The Waterberg Plateau was formed about 200M yrs ago over an ancient shield and is now a compacted sandstone 'lump of rock' rising about 250m. It has been designated a wildlife park. Due to the permanent waterholes there it was the stronghold of the Herero (Bantu) tribe and during its uprising against the Germans in 1904 the German artillery on the plains below massacred thousands on the plateau above.

We spent one afternoon and night here. Memorably we had banded mongooses, initially mistaken for mercats, coming very close at the patio tables when we had lunch.

Etosha to Twyfelfontein
Finger Rock at Ogab River, west of OutjoThis rather long 380 km stretch of mainly tarmac road passes through three sightseeing attractions: the ranching town of Outjo, the rock pinnacle called Finger Rock and the National Monument of Petrified Forest.

As in all these towns in Namibia the whites (Germans, South Africans etc) are vastly outnumbered but surprisingly maintained a private school as well as a very large Dutch Reformed Church. Though the official language is English and probably has been since the South Africans took over from the Germans after the first World War, we still meet whites who could hardly speak the language but converse either in German or Afrikaans. Paradoxically all the black Namibians we met spoke excellent English.

Garden of Finger Rock LodgeFinger Rock is exactly as one might imagine it to be, a rock of a finger sticking straight as an arrow into the sky. Not far away are two or three Mesas or as they called them here 'Terraces'. This is the 'Monument Valley' of Namibia and definitely worth the small diversion.

The Petrified Forest is similiar to the famous one in Arizona, with fossil logs scattered in horizontal positions as they had been swept down by glaciers eons ago.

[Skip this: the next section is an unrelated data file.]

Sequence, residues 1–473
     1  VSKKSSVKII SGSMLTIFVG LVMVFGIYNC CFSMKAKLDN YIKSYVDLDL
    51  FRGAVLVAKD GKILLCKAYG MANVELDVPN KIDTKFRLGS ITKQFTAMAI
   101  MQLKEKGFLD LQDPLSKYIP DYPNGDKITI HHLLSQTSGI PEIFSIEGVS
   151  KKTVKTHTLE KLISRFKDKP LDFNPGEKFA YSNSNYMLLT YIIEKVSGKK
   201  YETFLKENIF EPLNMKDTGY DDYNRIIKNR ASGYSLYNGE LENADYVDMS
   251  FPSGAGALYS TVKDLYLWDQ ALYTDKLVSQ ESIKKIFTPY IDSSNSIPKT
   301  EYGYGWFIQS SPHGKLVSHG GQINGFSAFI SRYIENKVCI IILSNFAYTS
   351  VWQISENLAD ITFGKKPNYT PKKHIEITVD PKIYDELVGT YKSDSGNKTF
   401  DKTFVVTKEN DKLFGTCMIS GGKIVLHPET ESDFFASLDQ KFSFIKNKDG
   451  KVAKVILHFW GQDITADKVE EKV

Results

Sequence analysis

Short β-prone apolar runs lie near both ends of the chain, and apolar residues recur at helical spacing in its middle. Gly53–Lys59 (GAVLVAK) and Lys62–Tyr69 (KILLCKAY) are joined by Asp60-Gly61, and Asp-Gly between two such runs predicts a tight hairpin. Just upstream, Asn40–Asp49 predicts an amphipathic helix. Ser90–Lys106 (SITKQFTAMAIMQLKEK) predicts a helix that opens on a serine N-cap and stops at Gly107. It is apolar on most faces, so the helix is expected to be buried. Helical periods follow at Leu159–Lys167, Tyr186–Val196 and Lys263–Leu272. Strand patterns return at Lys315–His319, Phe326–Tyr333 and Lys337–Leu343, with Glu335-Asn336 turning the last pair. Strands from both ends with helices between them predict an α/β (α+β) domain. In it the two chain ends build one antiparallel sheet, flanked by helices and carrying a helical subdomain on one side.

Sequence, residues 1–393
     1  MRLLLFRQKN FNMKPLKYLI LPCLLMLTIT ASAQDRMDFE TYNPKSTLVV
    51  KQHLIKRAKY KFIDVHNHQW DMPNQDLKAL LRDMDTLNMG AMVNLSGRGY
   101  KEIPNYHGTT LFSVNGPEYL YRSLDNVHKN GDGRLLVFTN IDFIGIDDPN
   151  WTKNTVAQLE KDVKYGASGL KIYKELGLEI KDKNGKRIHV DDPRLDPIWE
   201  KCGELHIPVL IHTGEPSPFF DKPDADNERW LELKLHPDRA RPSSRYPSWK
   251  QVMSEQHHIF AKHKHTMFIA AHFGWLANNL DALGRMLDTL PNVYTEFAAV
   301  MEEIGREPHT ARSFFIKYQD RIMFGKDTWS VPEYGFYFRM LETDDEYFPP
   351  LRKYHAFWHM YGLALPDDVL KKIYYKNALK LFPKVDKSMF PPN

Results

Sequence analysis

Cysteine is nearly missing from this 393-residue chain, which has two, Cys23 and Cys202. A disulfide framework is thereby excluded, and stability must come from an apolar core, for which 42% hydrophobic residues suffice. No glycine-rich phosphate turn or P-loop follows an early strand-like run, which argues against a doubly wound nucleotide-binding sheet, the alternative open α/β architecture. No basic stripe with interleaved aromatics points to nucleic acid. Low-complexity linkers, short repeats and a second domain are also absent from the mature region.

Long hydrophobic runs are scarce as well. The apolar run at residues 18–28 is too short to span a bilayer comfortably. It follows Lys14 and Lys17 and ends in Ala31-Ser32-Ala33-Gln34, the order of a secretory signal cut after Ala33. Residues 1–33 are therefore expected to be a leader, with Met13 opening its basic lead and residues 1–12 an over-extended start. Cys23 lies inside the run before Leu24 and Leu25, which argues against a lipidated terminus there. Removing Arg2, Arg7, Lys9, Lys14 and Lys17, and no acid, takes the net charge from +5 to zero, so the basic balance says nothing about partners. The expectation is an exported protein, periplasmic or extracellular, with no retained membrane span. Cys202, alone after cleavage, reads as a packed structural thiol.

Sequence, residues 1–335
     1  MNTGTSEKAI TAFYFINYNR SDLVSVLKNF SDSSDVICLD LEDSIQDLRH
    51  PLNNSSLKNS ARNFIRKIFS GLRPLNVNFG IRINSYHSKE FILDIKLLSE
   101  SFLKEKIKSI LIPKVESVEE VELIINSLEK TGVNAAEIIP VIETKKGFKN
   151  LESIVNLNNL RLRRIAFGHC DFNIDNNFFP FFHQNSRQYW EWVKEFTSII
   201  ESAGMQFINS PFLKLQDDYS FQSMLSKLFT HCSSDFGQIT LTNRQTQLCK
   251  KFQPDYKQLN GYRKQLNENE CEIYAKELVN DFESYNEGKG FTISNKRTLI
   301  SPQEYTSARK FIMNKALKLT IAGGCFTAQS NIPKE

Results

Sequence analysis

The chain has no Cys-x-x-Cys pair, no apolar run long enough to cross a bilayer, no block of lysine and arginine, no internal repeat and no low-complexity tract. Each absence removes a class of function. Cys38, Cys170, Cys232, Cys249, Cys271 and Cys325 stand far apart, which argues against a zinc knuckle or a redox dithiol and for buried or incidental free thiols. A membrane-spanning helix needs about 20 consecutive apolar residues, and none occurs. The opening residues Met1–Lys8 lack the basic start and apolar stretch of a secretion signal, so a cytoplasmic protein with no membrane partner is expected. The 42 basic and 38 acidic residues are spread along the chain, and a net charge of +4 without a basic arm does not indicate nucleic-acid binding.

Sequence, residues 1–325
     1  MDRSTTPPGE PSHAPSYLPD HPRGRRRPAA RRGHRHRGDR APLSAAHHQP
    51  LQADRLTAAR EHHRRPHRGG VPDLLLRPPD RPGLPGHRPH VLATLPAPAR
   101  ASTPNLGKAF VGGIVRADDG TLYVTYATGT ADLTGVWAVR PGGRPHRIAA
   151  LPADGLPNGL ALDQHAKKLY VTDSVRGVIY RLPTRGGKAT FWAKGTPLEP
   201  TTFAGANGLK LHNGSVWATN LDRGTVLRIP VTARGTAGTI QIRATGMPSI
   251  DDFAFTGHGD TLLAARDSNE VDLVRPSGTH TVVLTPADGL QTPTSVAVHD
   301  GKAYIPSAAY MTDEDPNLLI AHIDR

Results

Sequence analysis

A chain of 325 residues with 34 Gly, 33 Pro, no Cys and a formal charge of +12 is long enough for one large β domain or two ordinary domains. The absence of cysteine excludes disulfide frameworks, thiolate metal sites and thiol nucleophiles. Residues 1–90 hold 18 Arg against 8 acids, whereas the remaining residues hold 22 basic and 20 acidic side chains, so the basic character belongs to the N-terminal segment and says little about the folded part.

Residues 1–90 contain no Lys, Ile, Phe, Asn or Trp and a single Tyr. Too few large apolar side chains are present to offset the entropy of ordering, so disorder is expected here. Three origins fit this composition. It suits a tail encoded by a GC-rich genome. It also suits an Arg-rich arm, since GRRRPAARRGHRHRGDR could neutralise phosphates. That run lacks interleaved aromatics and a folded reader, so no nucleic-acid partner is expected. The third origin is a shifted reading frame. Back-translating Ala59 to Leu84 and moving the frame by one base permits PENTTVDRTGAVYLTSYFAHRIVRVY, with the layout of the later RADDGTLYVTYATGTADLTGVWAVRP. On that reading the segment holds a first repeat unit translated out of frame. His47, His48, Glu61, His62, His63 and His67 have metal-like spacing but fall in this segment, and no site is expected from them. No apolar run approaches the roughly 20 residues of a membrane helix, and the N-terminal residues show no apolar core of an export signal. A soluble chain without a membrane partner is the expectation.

Twyfelfontein ('Doubtful Spring') in NW Namibia has the largest number (2400) of Stone Age Rock Engravings in Africa. The engravings are mainly of animals found in the area though a unique feature here are engravings of both animal and human footprints. The main group is thought to
be a Ceremonial Rock and has 180 engravings. Engraving at Twyfelfontein Lodge, after the rock entrance

We had a Dama lady guide who speaks excellent English. The Damas are part of the Khoisan speaking group which uniquely have four letters of the alphabet which can only be described as tongue 'clicking' noises. When the guide demonstrated them to us one was a single click, one a double click and the third a sucking-kissing sound. It was more complicated than Chinese and when I said so as much the guide fell apart laughing. The Khoisan group typically have brown skin and their facial features vary from the Bushmen type to Caucasoid.

Rock painting

Rock painting showing lion with long tail ending in own footprint, Twyfelfontein

Organ Pips Canyon Waterberb Escarpment, southern edge
Mokuti Lodge and Oryx or Gemsbok Restaurant of Finger Rock Lodge
Bill posing beside the Hoba Meteorite Luxury two-room bungalow at Okaukeujo
Blue Wildebeests at Okondeka Waterhole The rare Black-faced Impala